(2) Bring lunch to work. We don't do this often, but every now and then Mike brings lunch to work.

(3) I don't do this myself, but at my in-laws' house, fish is fried in the backyard instead of in the kitchen. How does this save money? You don't need to switch on your hood or exhaust to get the smell of fish out.

(4) Drink water instead of sodas or instant drinks. I'm one to talk; I drink so much iced tea. Nonetheless, this is on my list of New Year's resolutions: water is cheaper, and it's healthier as well.

(5) Brew your own coffee. If you're one of those people who buy your daily coffee from Starbucks, then it's time to get a coffee-maker and make your own coffee at home. Knowing how much more one spends at a coffee shop over and above the material cost of a cup of coffee, Mike (the coffee-drinker of the two of us) has a good rule of thumb: he only goes to coffee shops to meet up with business associates or friends, and only if he intends to stay there for awhile. That way, he's paying for the use of the place, not for the coffee. (And the nationalist in him is biased towards local coffee shops like Figaro or Coffee Bean and Tea Leaf.)

(6) Buy a water filter/purifier instead of buying bottled water. Or, to save even more money, just boil your water (two minutes at full boil) and let it stand overnight. It's better for the environment too: no plastic bottles.

(7) Use a gas stove rather than an electric stove. In the Philippines, LPG is much, much cheaper.

(8) Learn to use extenders in food: bread crumbs in ground beef, for example.

(9) When buying meat, have the butcher pack the meat into portion-sized bags already. When Mike and I buy ground beef, for example, we ask the butcher to put it in bags of 250g portions. That way, we don't cook more than we need. (And it regulates our food intake as well!)

(10) Learn to make your own bread, yogurt, pancake mix, syrup, sandwich spread and jam. I don't do this but my father-in-law does.

(11) Grow your own vegetables. Again, something I haven't tried, though my in-laws used to do this as well.

(12) Save your lamb and chicken bones. Keep them in a sealed bag or container in the freezer. When you have enough, make your own lamb or chicken stock.

(13) If you buy deli cold cuts, consider buying the ends rather than the middle cuts, depending on what you intend to use the cuts for. They're cheaper.

(14) Save your cooking oil! It can be reused twice or thrice. Make sure, though, that you separate the oil that you use for fish, the oil that you use for meat, and the oil from longaniza or bacon fat (I learned this from our housekeeper when I was young). (I suppose this is the Philippine version of the Western tradition of never washing cast-iron cookware [they just wipe it down].)

(15) Buy energy-saving freezers and refrigerators. They're on all the time, so make sure they don't cost more than they have to.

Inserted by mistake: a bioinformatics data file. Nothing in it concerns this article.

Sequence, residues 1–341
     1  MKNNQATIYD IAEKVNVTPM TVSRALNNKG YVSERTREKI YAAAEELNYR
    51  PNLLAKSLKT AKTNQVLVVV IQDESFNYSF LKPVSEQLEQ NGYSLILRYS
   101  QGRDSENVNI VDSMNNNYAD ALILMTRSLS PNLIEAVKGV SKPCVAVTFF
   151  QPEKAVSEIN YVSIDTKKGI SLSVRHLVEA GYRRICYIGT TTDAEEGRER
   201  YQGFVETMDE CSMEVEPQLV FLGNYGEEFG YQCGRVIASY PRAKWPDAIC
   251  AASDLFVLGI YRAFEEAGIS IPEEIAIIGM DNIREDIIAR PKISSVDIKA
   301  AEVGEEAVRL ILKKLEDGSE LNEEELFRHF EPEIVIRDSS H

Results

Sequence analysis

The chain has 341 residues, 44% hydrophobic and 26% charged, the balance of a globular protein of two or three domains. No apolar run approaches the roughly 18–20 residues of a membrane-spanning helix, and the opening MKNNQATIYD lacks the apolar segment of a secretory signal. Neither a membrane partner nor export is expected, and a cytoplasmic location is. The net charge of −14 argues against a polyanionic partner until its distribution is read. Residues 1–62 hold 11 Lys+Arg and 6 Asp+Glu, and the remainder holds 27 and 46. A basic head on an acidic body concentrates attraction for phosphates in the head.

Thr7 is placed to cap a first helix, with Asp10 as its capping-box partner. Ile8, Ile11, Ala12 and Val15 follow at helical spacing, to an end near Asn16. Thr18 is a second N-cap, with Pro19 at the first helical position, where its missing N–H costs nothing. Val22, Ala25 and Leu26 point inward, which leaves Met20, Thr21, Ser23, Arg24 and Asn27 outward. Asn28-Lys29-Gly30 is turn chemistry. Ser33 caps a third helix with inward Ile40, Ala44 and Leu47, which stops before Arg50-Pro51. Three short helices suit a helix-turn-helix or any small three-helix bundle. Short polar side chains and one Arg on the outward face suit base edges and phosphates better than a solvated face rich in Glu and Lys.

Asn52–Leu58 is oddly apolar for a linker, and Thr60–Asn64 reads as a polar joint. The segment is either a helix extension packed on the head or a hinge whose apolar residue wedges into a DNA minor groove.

(16) If you have excess freezer space, make ice. Excess freezer space wastes electricity (unlike excess refrigerator space which actually saves electricity). We often have excess freezer space (because we have a separate freezer), so we make ice in bags and sell them to our neighbors. (In the summer our housekeeper makes ice candy for sale as well!)

(17) Buy in bulk.

(18) Don't buy branded products when you can avoid it. We recently started buying homemade (non-branded) detergent, laundry bar, fabric softener and dishwashing liquid. It's less than half the price of stuff at the supermarket! At the grocery, goods which don't have famous brands are also usually a lot cheaper than the P&G/Unilever goods; with P&G/Unilever, you're just paying for all the marketing.

(19) If you just intend to toast your bread, freeze the loaf to make it last.

(20) Eat more veggies and less meat! Cheaper and healthier!

(21) Use rags instead of paper towels. And make rags from old cotton clothes rather than buying new ones. To disinfect rags and sponges pop them in the microwave after washing (30 seconds when dry, a minute when wet).

(22) Cut worn bath towels into smaller pieces, and hem. Ta-dah, a new hand towel for the kitchen!

(23) If you eat a lot of bread, collect your own breadcrumbs.

(24) Before you do your supermarketing, check your pantry and refrigerator and make sure that you've used up or have plans to use up ingredients from your last trip. The most wasteful thing is allowing food to expire before you've touch it!

(25) If you have a garden or a big-enough balcony with potted plants, make your own compost from kitchen waste.

(26) Reuse water. The rinsing water for your dishes or laundry or from washing rice can be used to water the plants.

(27) Segregate your rubbish. It won't necessarily save you money, but it will help save the earth. :)

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Wednesday, January 03, 2007

What to do with New Year's fruits

Happy New Year!

I've been ill and haven't had time to putter around the kitchen, but if you want ideas as to how to finish eating all those round fruits you bought for your New Year's table spread, here are some suggestions from older posts: